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2010 a Success for Bonhams Motorcycles

Thursday, December 23, 2010
Bonhams Motorcycle Department produced truly spectacular results for 2010 with a total of £5.6 ($8.7) million and selling in excess of 1200 machines to achieve this result, all with an unprecedented and industry leading percentage sold of 87% by lot and value.

As an illustration of how solid the market is for vintage motorcycles in these financially uncertain times, there were six new entries in to the Department top 20 results, the most since the division was founded with the exception of 2008, when two World records were set in consecutive months.

1938 Brough Superior SS100
The 1938 Brough Superior SS100 was the best selling machine for Bonhams in 2010 with a price tag of £157,700. 
Brough Superior made up half of these new additions with a record for a 680 OHV being produced at our Oxford sale room in June, selling for £98,300, closely followed by another example at the Classic Motorcycle Mechanics Show in October, which went for £93,900. The best result of the year came, unsurprisingly, from the post-vintage 1938 Brough Superior SS100 which was offered at the April Stafford sale, and eventually sold for £157,700. The combined total for Broughs sold in 2010 was £393,200.

Another very special marque always keenly sought by the enthusiast and collector is the Vincent-HRD. And all 19 examples offered in 2010 sold for a total of £498,200.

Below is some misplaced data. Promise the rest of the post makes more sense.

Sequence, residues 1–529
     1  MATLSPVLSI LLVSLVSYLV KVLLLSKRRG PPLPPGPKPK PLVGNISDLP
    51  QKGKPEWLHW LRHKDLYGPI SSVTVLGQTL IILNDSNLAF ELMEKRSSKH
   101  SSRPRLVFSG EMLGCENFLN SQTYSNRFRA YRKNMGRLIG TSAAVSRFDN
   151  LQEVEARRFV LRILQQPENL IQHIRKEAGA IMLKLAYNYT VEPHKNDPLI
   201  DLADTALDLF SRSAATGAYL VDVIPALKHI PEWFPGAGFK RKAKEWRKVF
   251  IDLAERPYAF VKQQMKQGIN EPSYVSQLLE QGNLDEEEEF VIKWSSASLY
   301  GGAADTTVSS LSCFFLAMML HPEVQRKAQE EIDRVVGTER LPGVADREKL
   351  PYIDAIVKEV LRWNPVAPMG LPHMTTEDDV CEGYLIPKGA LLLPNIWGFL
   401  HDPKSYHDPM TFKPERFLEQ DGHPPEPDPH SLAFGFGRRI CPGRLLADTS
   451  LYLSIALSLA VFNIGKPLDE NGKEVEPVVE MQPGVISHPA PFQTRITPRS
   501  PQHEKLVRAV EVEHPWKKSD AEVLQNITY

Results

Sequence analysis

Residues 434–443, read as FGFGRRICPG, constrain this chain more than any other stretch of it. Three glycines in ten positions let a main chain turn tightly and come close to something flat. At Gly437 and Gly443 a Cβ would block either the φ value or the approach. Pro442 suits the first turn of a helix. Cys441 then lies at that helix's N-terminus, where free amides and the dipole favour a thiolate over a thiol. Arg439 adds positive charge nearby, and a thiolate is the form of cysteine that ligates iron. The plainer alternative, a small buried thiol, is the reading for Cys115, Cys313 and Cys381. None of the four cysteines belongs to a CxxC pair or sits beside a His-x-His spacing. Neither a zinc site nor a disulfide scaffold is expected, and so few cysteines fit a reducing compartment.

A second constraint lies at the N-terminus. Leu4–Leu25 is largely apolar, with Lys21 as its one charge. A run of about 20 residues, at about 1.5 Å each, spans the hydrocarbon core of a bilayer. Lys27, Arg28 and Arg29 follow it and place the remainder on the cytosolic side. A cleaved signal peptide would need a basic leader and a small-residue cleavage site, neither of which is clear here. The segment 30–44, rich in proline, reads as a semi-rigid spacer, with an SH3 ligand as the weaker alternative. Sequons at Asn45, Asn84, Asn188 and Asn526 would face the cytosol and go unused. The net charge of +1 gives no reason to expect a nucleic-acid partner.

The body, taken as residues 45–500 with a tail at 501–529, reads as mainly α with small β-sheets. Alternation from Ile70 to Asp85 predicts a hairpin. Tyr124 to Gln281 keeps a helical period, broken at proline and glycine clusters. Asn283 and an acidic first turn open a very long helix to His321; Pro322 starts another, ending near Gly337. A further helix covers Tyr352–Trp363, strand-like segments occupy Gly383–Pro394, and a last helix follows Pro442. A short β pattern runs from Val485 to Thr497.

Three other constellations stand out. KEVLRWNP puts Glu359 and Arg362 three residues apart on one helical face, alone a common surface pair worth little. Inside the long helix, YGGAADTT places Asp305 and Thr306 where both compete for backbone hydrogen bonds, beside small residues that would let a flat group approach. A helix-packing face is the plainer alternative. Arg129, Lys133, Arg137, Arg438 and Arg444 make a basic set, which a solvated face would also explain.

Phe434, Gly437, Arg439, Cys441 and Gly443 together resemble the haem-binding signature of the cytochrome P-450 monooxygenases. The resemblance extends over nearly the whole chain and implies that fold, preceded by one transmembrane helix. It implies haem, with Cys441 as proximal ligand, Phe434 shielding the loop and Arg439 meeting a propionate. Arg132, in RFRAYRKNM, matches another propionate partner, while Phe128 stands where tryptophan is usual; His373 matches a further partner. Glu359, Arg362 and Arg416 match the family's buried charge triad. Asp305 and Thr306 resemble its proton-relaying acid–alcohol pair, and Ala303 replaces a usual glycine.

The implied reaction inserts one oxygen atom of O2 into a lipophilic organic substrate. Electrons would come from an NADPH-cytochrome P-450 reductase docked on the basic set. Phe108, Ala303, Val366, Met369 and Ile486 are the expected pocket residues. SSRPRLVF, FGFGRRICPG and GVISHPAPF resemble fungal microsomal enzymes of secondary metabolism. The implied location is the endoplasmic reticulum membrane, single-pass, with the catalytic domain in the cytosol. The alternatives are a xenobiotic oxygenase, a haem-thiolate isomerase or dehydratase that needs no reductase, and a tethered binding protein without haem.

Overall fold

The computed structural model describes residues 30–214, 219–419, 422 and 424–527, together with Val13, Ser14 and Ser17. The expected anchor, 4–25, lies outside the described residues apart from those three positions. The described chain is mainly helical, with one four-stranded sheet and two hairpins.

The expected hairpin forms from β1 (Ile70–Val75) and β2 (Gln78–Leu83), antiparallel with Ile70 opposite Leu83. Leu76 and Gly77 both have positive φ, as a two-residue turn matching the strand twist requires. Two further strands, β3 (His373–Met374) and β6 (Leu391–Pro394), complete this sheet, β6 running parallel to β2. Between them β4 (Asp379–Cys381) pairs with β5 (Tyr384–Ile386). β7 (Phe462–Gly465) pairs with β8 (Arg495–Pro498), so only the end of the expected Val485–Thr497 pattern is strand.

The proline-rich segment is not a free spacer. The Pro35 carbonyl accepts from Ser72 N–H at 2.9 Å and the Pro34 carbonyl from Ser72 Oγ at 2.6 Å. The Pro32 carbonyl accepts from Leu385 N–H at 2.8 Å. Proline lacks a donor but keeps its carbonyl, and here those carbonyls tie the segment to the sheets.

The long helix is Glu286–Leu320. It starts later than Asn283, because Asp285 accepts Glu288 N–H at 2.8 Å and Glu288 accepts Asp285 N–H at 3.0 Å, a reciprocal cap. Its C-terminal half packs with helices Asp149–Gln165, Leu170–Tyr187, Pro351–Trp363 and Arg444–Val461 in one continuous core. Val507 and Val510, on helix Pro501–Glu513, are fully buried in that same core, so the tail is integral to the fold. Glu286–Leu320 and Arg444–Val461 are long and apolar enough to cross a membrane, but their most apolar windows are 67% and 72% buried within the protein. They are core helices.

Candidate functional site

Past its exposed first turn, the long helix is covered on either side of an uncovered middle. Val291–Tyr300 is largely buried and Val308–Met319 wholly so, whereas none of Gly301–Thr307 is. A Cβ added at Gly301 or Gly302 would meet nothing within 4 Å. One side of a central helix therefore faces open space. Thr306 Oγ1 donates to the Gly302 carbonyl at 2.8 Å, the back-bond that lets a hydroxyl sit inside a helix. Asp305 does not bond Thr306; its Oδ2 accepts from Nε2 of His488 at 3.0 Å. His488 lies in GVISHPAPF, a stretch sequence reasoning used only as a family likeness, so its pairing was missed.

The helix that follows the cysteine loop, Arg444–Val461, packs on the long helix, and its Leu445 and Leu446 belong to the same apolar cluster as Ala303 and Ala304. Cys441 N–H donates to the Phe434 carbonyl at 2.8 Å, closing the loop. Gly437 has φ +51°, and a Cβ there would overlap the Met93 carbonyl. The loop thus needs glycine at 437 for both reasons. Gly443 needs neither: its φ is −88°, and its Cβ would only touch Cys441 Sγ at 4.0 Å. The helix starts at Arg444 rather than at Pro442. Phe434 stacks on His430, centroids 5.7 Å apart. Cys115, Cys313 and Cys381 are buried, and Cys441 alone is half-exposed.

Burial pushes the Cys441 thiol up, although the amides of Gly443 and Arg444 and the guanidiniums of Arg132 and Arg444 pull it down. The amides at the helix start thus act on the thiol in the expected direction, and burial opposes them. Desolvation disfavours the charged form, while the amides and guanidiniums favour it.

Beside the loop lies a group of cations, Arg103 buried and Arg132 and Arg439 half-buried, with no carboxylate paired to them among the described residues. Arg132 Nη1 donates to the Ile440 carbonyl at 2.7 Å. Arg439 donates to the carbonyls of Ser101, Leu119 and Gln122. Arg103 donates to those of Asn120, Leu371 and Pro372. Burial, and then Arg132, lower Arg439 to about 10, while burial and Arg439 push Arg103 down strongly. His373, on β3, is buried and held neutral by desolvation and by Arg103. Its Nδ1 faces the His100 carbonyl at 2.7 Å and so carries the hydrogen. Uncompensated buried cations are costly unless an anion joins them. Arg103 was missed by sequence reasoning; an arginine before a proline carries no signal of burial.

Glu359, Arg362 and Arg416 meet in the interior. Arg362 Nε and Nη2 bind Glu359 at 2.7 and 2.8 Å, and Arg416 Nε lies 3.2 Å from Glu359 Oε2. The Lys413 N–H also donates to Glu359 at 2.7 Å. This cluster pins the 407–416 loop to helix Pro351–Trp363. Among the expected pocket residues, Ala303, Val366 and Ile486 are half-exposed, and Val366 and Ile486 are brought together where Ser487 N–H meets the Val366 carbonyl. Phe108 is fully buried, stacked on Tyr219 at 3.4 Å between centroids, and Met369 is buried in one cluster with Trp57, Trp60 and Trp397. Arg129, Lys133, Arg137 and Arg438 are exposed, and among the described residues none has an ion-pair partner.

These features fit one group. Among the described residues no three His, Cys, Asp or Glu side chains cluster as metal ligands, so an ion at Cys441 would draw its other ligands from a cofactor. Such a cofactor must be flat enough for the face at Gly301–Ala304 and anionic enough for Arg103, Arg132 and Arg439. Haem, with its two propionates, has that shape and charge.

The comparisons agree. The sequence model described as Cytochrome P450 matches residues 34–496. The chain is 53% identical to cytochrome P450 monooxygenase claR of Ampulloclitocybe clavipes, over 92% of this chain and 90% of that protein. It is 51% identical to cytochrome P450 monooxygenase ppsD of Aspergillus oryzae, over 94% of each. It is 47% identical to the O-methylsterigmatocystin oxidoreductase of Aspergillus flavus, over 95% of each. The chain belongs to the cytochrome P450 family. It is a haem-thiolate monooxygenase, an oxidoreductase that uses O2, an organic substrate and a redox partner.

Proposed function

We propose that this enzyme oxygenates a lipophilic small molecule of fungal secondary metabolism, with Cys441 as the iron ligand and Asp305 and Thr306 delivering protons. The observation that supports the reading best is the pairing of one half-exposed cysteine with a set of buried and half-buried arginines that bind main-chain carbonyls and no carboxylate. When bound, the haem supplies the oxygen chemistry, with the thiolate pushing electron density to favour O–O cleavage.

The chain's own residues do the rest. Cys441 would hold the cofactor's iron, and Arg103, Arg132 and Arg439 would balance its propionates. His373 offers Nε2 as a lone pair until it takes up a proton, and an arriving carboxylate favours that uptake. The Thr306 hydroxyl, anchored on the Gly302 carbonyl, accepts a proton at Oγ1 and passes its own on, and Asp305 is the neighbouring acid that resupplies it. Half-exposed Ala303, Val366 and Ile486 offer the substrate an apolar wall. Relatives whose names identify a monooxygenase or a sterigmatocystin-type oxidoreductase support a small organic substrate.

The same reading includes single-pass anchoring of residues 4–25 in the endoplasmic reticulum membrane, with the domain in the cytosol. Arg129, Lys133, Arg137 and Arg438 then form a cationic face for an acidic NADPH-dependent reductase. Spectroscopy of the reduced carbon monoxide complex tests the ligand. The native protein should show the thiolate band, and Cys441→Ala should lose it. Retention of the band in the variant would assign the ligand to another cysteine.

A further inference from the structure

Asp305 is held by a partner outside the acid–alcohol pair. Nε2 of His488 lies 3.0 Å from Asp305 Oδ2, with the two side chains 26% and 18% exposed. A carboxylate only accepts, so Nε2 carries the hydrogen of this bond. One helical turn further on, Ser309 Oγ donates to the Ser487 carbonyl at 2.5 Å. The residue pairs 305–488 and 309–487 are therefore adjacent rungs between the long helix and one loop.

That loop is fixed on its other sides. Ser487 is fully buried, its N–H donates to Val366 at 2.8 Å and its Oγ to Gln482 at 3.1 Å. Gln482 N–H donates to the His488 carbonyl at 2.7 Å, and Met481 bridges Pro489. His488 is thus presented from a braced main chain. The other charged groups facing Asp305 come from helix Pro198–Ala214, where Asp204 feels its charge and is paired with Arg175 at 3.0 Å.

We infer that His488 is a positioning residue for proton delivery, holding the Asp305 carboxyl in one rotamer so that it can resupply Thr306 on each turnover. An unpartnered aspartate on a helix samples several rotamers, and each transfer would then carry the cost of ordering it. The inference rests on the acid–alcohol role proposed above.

In stark contrast to these ‘Rolls-Royce of Motorcycles’ and ‘superbikes of the 50s’, other superb results for year included the two Fath-URS engined machines. The ex-Helmut Fath, Horst Owesle, 1968 and 1971 World Championship-winning 1966 URS 498cc Racing Sidecar Outfit produced the second best result of the year when it sold for £102,700, and the ex-John Blanchard, Tony Jefferies, works 1967 Seeley-URS 500cc Racing Motorcycle raised £76,300.

The final high flyer of the year was one of the most historically significant motorcycles that has ever been offered by Bonhams, the first series production machine to be referred to as a ‘motorcycle’ (motorrad in German), the c.1894 Hildebrand & Wolfmüller, which, after a furious bidding battle, eventually went for £86,200, well in excess of £40,000-60,000 estimate. Not content with offering just one of these historically important motorcycles, the Department will be offering a second H&W, within the space of 12 months, at its inaugural Las Vegas sale on January 6th 2011.

This is the first in another superb line up of auctions for next year, with a huge variety of exciting and important machines already consigned for these future dates, ensuring 2011 will build on this year’s successes.

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